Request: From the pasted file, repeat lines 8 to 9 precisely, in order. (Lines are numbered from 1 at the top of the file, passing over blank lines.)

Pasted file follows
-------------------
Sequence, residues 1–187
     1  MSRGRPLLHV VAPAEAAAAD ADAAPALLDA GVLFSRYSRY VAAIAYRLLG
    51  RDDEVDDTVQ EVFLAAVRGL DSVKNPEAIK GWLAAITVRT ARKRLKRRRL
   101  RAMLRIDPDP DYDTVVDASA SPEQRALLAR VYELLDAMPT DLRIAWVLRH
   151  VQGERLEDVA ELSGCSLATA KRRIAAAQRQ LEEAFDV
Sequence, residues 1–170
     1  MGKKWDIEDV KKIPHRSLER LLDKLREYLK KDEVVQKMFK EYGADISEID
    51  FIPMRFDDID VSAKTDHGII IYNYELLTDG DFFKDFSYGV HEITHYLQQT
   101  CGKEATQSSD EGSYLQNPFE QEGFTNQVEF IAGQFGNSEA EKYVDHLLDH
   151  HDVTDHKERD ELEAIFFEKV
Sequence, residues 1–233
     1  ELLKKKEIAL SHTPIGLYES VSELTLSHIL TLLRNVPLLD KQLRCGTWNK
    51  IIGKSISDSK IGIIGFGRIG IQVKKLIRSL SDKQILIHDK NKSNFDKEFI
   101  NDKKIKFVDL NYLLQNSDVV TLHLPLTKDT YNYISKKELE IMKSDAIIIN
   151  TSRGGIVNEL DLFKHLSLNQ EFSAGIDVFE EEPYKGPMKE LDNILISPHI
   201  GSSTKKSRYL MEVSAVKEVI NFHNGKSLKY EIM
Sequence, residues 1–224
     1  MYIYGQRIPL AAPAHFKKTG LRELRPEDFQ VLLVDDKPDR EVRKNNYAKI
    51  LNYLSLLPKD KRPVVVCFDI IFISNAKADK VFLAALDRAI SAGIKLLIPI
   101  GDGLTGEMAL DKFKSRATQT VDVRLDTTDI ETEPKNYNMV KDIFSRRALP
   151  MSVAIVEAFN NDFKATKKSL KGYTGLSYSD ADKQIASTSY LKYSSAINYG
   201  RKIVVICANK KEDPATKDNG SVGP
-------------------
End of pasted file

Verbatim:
    51  FIPMRFDDID VSAKTDHGII IYNYELLTDG DFFKDFSYGV HEITHYLQQT
   101  CGKEATQSSD EGSYLQNPFE QEGFTNQVEF IAGQFGNSEA EKYVDHLLDH